When Blue-Collars Feel Blue
Depression and Low Occupational Grade as Synergistic Predictors of Incident Cardiac Events in Middle-Aged Working Individuals
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Background—The association of psychological variables with cardiovascular health might depend on socioeconomic status. We examined the moderating effect of occupational grade on the association between depression and incident cardiac events among middle-aged workers from the GAZEL cohort.
Methods and Results—A total of 10 541 participants (7855 men, mean age: 47.8±3.5 years) free of cardiovascular diseases completed the Center of Epidemiologic Studies Depression scale in 1993. Age, sex, and occupational grade (low, medium, and high) were obtained from company records. Classical cardiovascular risk factors were self-reported. All participants were followed-up for medically certified cardiac events from January 1994 to December 2014. Associations between baseline variables and incident cardiac events were estimated with hazard ratios and 95% confidence intervals computed in Cox regressions. After a median follow-up of 21 years, 592 (5.6%) participants had a cardiac event. There was a significant interaction between depression and occupational grade in both age- and sex-adjusted (P=0.008) and multiadjusted (P=0.009) models. This interaction was mainly explained by an association between depression and incident cardiac events that prevailed among participants of low occupational grade (3.71 versus 1.96 events per 1000 person-years among those depressed versus nondepressed, multiadjusted hazard ratios [95% confidence intervals], 1.99 [1.12–3.48]).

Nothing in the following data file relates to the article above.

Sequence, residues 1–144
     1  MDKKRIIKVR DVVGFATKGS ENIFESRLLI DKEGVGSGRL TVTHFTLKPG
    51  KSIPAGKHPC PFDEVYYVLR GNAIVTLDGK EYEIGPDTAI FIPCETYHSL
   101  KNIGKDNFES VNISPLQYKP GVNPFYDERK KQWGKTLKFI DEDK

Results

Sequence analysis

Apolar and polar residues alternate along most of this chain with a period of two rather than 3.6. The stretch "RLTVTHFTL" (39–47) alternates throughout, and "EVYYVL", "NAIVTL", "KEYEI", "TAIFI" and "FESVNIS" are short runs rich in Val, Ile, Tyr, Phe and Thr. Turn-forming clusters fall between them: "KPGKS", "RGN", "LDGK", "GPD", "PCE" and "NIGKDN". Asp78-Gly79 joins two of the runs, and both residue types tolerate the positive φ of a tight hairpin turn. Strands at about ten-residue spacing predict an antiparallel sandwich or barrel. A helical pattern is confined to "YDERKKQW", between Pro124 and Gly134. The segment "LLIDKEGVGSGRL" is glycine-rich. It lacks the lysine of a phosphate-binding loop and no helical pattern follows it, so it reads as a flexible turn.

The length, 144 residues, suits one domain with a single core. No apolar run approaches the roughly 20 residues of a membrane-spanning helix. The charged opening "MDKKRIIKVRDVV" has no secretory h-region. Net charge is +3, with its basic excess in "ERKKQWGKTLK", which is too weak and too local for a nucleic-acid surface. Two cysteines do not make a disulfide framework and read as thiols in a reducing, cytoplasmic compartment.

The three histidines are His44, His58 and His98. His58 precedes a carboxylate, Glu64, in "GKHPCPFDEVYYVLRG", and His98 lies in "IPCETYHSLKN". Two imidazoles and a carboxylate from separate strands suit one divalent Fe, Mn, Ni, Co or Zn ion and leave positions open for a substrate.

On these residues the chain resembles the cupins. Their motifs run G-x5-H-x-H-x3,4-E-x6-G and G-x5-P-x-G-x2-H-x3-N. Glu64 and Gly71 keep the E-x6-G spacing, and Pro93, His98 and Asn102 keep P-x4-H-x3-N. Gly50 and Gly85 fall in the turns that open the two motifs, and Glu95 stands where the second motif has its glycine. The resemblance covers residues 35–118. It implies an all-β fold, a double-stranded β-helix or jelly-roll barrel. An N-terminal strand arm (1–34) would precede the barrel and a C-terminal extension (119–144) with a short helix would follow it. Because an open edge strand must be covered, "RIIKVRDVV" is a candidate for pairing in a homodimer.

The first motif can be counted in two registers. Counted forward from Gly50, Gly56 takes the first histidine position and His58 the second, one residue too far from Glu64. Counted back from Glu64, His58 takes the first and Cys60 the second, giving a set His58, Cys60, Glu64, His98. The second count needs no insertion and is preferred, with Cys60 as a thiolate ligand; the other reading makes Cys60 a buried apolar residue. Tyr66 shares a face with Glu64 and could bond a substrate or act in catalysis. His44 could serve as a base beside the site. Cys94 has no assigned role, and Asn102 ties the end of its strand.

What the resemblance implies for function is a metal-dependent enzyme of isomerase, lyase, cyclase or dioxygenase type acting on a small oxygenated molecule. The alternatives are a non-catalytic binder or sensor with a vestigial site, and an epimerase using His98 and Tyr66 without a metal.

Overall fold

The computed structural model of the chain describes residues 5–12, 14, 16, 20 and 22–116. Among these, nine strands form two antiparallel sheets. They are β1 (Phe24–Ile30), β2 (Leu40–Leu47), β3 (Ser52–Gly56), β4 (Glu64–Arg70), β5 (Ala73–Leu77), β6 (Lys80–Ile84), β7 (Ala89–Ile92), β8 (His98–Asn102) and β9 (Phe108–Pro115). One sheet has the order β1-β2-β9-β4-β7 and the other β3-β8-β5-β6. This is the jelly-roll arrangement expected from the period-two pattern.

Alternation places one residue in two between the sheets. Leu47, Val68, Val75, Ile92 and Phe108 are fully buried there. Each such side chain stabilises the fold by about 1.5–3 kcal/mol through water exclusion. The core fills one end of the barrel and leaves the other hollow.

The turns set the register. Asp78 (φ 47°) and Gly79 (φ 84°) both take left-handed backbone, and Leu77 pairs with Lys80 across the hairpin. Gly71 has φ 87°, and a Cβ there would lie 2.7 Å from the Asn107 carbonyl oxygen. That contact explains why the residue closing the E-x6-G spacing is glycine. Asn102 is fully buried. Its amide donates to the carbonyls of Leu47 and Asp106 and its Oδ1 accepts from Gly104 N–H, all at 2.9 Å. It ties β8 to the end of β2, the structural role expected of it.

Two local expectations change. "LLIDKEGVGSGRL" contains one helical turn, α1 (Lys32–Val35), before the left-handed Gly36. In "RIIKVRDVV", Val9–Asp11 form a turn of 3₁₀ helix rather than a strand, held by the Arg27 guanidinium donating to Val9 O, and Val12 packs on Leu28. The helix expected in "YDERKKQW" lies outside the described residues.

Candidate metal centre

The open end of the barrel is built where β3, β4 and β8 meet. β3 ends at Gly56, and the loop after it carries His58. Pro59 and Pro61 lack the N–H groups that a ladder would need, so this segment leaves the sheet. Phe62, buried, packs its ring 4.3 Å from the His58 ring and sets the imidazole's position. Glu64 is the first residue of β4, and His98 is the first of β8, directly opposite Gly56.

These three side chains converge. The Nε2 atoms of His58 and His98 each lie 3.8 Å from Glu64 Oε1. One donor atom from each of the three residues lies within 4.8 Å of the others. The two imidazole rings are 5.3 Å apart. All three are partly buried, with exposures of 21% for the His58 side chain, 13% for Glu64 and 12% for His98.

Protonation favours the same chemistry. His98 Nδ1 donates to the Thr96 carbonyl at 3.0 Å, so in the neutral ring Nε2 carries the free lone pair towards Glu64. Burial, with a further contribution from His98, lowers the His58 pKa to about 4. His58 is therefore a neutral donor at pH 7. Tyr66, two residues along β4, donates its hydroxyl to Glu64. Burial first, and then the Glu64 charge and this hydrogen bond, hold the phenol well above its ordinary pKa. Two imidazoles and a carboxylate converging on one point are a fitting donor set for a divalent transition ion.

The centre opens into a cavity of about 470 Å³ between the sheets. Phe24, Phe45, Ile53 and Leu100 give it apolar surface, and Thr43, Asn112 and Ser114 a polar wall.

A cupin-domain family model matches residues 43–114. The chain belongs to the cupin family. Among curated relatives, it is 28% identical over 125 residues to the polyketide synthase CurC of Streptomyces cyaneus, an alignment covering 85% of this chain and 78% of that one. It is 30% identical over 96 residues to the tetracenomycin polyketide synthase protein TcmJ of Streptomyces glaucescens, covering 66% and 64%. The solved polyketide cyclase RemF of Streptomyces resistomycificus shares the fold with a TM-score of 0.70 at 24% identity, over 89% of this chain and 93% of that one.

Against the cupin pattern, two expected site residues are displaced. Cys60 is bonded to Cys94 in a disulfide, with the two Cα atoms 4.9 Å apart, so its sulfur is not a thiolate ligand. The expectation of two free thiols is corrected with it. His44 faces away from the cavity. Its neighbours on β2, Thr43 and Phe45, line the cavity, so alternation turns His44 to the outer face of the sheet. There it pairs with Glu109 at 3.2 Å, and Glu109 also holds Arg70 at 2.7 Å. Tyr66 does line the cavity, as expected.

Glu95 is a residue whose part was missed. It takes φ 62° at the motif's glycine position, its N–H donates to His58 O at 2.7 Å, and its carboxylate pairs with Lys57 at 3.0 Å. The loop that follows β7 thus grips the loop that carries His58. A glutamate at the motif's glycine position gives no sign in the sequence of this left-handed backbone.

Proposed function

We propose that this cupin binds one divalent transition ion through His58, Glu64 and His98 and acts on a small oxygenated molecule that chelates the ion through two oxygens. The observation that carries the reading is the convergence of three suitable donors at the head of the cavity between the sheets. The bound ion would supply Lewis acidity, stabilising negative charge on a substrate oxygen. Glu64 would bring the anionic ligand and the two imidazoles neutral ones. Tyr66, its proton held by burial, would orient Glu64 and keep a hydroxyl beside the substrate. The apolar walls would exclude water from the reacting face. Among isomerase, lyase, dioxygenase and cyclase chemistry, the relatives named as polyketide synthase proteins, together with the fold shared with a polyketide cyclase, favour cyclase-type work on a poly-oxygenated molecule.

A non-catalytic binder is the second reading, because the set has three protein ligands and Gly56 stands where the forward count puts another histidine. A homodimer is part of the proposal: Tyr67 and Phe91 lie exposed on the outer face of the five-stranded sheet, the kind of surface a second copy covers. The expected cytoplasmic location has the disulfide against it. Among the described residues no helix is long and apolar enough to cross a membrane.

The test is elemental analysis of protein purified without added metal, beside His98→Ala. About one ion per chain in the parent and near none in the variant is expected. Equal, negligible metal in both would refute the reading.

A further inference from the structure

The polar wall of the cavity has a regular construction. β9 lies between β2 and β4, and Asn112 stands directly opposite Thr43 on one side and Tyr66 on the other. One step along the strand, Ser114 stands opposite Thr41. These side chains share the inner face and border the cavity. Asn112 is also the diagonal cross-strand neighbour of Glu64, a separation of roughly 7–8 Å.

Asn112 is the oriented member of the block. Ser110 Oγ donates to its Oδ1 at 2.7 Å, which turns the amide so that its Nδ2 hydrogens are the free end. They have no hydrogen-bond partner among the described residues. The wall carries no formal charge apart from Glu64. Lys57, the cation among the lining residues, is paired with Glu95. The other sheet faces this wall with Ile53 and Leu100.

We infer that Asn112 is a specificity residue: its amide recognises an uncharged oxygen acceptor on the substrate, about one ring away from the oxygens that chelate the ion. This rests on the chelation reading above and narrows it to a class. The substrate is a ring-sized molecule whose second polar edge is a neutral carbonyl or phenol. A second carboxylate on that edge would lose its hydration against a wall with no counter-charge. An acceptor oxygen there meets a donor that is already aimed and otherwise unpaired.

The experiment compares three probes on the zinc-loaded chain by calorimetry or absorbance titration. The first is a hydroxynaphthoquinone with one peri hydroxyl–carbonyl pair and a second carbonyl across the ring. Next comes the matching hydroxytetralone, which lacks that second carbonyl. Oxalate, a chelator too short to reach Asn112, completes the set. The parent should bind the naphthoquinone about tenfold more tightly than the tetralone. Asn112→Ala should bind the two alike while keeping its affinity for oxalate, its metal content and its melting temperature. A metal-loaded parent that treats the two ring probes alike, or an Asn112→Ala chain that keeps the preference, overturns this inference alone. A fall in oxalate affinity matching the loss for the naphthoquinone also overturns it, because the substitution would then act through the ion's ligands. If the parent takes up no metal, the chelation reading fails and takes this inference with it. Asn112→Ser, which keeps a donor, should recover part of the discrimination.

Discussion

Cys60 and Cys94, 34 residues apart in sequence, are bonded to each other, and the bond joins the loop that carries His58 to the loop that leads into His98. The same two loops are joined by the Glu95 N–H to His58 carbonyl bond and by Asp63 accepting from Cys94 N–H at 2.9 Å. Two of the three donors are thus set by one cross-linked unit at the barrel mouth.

Conclusions—From a research perspective, these results may account for previous conflicting results and constitute an impetus for reanalyzing previous data sets, taking into account the moderating role of socioeconomic status. From a clinical perspective, they urge clinicians and policy makers to consider depressive symptoms and low socioeconomic status as synergistic cardiovascular risk factors.
- Received February 24, 2016.
- Accepted December 22, 2016.
- © 2017 American Heart Association, Inc.